What do you think about what this season ultimately had to say about these two and what can feel (to us) like a stunning historical myopia? And, at long last, let’s talk about that fucking train of gold, because that’s another really rich symbol.

GIMME THAT GOLD TRAIN, BABY!!!! (Credit: Netflix)

Kathryn: GOLD TRAIN!! It’s a “rich” symbol, oh ho ho.

Yes, the show does so much with masking and costuming, hiding things in plain sight, often underneath layers of other identities. Nikoros/Sorokina has been hiding as a drag king performer, supposedly to cover up her real identity as the lost daughter of this family of Russian aristocrats. But she’s not, she’s the daughter of the family’s chauffeur who betrayed them to the Bolsheviks. Drag performer / countess / Bolshevik.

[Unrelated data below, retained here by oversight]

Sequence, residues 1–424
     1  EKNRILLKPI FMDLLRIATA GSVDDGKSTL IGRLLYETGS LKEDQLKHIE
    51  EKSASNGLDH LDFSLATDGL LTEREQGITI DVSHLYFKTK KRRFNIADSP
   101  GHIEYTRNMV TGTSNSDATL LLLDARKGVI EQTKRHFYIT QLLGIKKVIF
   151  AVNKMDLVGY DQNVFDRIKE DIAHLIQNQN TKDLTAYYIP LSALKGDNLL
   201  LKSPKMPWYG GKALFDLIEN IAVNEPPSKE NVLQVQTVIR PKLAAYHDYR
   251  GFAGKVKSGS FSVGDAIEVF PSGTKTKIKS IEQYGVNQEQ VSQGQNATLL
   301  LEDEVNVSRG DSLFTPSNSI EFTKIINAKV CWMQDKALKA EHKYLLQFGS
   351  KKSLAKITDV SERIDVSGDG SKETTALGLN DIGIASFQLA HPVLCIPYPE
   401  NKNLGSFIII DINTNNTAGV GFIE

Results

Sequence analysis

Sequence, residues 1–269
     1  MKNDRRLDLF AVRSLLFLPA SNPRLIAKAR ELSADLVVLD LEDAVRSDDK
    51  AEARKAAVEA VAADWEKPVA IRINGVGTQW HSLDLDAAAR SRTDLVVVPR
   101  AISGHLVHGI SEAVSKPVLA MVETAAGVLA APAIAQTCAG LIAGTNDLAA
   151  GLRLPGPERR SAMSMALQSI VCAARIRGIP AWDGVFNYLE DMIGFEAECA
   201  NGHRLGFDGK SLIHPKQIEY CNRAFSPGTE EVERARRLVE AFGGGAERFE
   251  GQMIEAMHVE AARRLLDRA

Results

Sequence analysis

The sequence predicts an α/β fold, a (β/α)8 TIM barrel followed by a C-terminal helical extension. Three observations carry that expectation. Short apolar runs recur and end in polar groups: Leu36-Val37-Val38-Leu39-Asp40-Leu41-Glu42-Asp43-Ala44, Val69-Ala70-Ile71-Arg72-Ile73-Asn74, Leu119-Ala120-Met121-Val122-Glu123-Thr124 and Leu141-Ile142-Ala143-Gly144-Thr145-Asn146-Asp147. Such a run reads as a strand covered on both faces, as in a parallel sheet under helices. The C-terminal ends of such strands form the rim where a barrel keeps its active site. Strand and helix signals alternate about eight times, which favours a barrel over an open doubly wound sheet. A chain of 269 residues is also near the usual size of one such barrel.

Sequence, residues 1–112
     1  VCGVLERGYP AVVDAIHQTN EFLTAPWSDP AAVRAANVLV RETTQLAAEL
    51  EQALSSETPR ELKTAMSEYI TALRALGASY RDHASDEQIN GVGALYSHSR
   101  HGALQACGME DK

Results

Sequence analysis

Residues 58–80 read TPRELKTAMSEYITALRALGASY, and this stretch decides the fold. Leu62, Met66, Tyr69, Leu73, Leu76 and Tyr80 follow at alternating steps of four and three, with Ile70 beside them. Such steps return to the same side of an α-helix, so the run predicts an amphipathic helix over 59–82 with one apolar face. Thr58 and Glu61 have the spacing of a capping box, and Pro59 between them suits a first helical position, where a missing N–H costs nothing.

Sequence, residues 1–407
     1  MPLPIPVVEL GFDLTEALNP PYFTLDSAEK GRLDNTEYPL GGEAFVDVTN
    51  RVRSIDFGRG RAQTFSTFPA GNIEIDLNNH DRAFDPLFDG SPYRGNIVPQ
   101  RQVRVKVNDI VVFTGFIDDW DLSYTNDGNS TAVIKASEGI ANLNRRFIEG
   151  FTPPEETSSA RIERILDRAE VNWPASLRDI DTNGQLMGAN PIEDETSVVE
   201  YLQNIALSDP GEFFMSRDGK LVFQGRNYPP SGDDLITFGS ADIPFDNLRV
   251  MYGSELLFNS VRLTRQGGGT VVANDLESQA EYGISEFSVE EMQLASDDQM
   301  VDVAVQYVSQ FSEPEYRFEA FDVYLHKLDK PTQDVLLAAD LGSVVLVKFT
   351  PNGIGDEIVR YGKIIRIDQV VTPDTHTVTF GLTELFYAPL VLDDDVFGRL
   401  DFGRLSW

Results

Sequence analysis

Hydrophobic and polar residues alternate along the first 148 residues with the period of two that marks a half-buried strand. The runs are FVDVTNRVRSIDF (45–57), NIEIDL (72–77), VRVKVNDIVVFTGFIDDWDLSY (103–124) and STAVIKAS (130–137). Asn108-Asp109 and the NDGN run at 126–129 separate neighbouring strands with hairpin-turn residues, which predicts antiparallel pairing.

We get the same flip-flopping pattern with the train — train’s full of gold / the gold inside the train is false / the train itself is made of gold. But the absurdity of the train itself being a giant golden boxcar is also plenty suggestive and delightful on its own. It becomes a toy, somehow, or an ornament, but it’s also money literally made mobile, a family’s inheritance that manages to hide itself in the freedom of being able to dance around out of everyone’s reach. Gold train is the Russian aristo version of offshore banking, I guess. 

As in so many hetero relationships, I feel, the problem with Charlotte and Gereon is that Charlotte is doing her best to get her shit together and grapple with the realities of the world, and Gereon cannot seem to deal with his feelings. Sure, yes, the guilt over abandoning his brother to die and then falling in love with his brother’s widow, and also just general war trauma … okay, it’s a lot. Once the brother comes back? Yeah, Gereon’s dealing with some stuff. I can see that. But Gereon’s inability to adequately understand his own emotional state, this total refusal to reckon with all these feelings he’s sublimated — it’s really getting in the way of the kissing! Get it together man!